Following up the success of Borderlands, Gearbox Software’s sequel delivers more of what made the original a success. It’s a distinct blend of silly, irreverent writing, and stylized, colourful, cel-shaded design that’s somewhere between animated cartoons and realistic models of characters and weapons that are just fun to look at.
It’s a sci-fi future where corporations strip-mine alien planets and leave the husks to get picked over by space scavengers, soldiers of fortunes, and criminals. Think of Obi Wan’s description of the people who make up Mos Eisley: A wretched hive of villainy and scum.
This instalment takes place five years after the events of Borderlands. The original saw a group of four glory-seekers on the planet Pandora, hunting through the Vaults of the advanced alien ruins that lay there. Their quest ended with the unleashing and defeat of a legendary monster named “The Destroyer,” the sealing off of the Vault, and all of its amazing gear and weaponry.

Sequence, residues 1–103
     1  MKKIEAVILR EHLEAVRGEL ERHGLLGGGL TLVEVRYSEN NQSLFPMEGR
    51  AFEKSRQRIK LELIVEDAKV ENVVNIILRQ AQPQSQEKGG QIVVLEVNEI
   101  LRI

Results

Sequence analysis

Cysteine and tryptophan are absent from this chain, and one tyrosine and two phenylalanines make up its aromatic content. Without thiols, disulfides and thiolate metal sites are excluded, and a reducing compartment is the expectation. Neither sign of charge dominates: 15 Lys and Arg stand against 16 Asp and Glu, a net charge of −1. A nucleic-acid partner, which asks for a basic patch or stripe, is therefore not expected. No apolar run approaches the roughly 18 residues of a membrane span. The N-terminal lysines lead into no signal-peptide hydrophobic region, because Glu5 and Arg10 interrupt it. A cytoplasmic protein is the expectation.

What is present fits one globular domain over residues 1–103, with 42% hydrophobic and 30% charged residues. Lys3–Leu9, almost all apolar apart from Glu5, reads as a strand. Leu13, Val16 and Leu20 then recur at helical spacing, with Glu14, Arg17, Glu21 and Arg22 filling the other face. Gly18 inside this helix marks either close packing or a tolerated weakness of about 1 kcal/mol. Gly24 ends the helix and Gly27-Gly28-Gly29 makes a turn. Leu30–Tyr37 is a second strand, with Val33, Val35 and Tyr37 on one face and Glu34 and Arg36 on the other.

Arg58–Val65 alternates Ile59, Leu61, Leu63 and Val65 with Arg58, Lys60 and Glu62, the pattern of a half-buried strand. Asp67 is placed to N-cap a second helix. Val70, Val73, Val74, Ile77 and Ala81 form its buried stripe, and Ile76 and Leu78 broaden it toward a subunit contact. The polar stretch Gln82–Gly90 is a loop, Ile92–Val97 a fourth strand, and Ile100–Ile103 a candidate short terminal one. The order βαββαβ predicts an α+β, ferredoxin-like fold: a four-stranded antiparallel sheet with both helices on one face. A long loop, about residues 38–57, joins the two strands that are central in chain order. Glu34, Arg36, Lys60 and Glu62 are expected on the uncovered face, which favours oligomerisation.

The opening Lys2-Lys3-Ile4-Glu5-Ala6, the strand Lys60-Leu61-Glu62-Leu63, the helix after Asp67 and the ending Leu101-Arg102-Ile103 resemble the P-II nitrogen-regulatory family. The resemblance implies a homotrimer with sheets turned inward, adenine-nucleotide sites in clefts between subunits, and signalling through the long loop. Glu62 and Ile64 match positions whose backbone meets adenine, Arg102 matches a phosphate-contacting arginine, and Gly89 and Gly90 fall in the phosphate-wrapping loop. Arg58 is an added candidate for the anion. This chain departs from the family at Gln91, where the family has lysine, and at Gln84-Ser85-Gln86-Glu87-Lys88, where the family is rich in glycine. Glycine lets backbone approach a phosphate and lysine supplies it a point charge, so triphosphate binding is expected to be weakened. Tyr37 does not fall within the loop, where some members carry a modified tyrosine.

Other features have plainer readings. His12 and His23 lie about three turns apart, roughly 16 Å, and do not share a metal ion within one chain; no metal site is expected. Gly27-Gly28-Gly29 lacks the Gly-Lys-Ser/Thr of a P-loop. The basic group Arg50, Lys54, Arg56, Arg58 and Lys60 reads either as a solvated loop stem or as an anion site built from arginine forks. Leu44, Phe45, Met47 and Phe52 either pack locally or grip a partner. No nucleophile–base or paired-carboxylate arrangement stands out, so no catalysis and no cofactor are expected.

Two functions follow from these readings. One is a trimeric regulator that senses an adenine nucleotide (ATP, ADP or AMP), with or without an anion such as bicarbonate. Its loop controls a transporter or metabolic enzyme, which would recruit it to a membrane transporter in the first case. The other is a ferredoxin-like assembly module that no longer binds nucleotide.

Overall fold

But a new Vault has been unearthed, and a sinister criminal businessman named Handsome Jack has plans for it. It’s up to you, as a new Vault Hunter, to stop him and become a legend, with legendary loot and gear, in the process.
One of the best FPS games offline, Borderlands 2 offers a storyline that unfolds and becomes complex and intriguing, with a large number of harrowing side quests along the way that give Pandora its own quirky, offbeat feel as a setting.
The fun is in the building out of the skill tree of your character as you progress and in the accumulation, upgrading, and customizing of your weapons and attacks with tech your loot in the Vault. Borderlands 2 doesn’t take itself with grim and gritty seriousness, but it does play its story mode out in earnest, despite the sarcastic and funny dialogue and circumstances.
Following the main story, you can expect 15 to 25 hours of content. Adding in all the side quests and optional paths, it can be up to 40 hours of Vault-hunting.
The original Titanfall was a gorgeous game of giant-robot combat and truly stunning visuals. It was, however, a multiplayer-only experience. Although online multiplayer is an available mode in Titanfall 2, the inclusion of the single-player, offline campaign storyline mode is the real draw.